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Is a 4-Day Workweek Good for Business?

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Shreya Christinahttps://londonbusinessblog.com
Shreya has been with londonbusinessblog.com for 3 years, writing copy for client websites, blog posts, EDMs and other mediums to engage readers and encourage action. By collaborating with clients, our SEO manager and the wider londonbusinessblog.com team, Shreya seeks to understand an audience before creating memorable, persuasive copy.

Opinions expressed by londonbusinessblog.com contributors are their own.

Over the past few years, there have been some seismic shifts in the way we look at work. Motivations, desires and expectations evolve to the point that employers must consider different options if they want to attract and retain top talent. One option is a four-day work week. The question is: Iis it actually good for business? In this article, I’ll explore the answer to that question by evaluating some of the key pros and cons of the four-day workweek and what it means for businesses and employees.

How does a 4-day workweek work?

For 90% of entrepreneurs, the pandemic changed everything about running a business and managing employees. It required quick turns, flexibility and innovative decision-making. And even today, with the worst of the pandemic behind us, the effects are lasting.

In a 2020 study 62% of employees said they had burned out “often” or “extremely often” in the past 90 days. And in 2021, 67% of workers said their stress and burnout had increased since the start of the pandemic. It is not without reason that we have also seen an increase in teleworking, hybrid working and four-day working weeks in the past year.

There is no standard “four day work week” setup. Like any work setup, there are several variations. In some organizations, it’s a true four-day workweek, meaning employees work about 32 hours a week instead of 40. In other companies, employees have to work four 10-hour days to ensure that 40 hours are still being worked. And then there are some companies that take Wednesday off instead of Friday. This means that employees work Monday/Tuesday and Thursday/Friday. Again… it’s all up to the employer.

Regardless of the setup, the goal is to fight burnout, promote balance and keep employees happy, productive and loyal. And, believe it or not, it’s really starting to catch on. There is even a brand new pilot program that has 3,300 employees at 70 UK companies (ranging from large financial institutions to small consultancies) this year testing a four-day week to collect valuable data and insights on which type of setup works best.

Related: Is the 4-Day Work Week Better? Evidence points to yes.

The benefits of a 4-day work week

  • Employee motivation: Think how motivating it is to know that a three-day weekend is just around the corner. Now imagine having a three-day weekend every weekend! When employees realize that they only have to get through four days of hard work and stress instead of five, it does something positive to their motivation and psyche.

  • Cost savings: According to a study conducted by the Henley Business School, 51% of business leaders report cost savings associated with a four-day workweek (compared to a standard five-day workweek).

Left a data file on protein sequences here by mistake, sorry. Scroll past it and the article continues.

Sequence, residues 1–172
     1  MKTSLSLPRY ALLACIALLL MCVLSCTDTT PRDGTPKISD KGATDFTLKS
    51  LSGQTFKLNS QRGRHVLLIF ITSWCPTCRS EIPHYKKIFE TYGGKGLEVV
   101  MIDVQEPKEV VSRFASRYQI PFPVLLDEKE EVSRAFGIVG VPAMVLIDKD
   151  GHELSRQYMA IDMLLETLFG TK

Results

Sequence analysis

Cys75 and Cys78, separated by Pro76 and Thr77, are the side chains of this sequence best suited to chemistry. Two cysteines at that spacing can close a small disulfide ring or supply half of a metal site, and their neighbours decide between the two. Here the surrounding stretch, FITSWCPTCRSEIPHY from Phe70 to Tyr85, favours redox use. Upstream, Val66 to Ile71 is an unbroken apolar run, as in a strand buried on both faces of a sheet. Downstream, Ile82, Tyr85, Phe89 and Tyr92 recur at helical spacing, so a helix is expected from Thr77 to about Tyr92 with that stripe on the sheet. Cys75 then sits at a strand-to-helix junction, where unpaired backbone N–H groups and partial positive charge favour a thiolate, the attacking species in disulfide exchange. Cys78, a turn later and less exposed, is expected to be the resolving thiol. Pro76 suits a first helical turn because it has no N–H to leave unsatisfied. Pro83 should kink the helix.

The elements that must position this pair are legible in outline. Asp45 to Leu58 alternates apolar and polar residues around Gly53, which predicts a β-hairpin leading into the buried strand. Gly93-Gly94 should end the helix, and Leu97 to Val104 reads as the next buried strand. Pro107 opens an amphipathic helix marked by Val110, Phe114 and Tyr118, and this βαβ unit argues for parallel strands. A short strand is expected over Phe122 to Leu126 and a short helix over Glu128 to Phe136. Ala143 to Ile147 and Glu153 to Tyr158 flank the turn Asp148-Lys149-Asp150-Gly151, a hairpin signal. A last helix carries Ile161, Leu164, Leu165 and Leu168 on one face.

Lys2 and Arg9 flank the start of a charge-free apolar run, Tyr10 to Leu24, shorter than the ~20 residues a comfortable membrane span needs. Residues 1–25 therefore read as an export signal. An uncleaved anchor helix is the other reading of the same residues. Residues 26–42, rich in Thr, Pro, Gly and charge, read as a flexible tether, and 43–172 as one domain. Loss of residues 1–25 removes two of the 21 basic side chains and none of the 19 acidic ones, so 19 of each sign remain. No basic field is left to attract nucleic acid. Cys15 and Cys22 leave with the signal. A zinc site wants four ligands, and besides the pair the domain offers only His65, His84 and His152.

• Increased productivity: On paper, you might assume that a 20% reduction in total work time would result in 20% less output, but this is not necessarily true. Companies often find that the compressed workweek results in increased productivity and output. Microsoft Japan, for example, increased his productivity by as much as 40% after a four-day setup.

  • Less downtime: The same Henley Business School study found that companies with a four-day work week use 62% fewer sick days. There is also less time wasted at work, as employees are motivated to get everything done before the three-day weekend.

  • Talent acquisition and retention: Today’s workers are looking for more than just a salary. They want to work for companies that care about things like work-life balance. Having a four-day workweek gives organizations a huge competitive advantage when it comes to recruiting and retaining talent.

The disadvantages of a 4-day work week

  • Customer Support Availability: If you work in a service business where customers depend on you for ongoing support, taking three days off a week can annoy them and/or lead some customers to switch to a competitor.

  • Planning issues: If you’re only open four days a week, it can be difficult to schedule meetings, fulfill partnership commitments, etc. You need to find creative ways to work around this.

  • Increased pressure: When there are only four days in a week to get work done, it puts extra pressure on employees to perform. Sometimes the stress can be too much, leaving some employees feeling overwhelmed and paralyzed. This is not a problem for everyone, but it can certainly play a role.

  • Challenges for employees: At first glance, you might assume that every employee would like to have Friday off. However, you need to consider the impact it has on their schedule. For example, moving from a 9-5 schedule to an 8-6 schedule to account for an extra day off can prevent employees from driving their kids to school or attending extracurricular activities in the evening. Be sure to take these kinds of details into account!

Related: Will a Four-Day Workweek Bring More Productivity?

There is no one-size-fits-all solution for running a business. You know that as well as anyone. But if you’re looking for a way to propel your business into this new era of business, a four-day workweek could be the answer. Consider trying it out this year!

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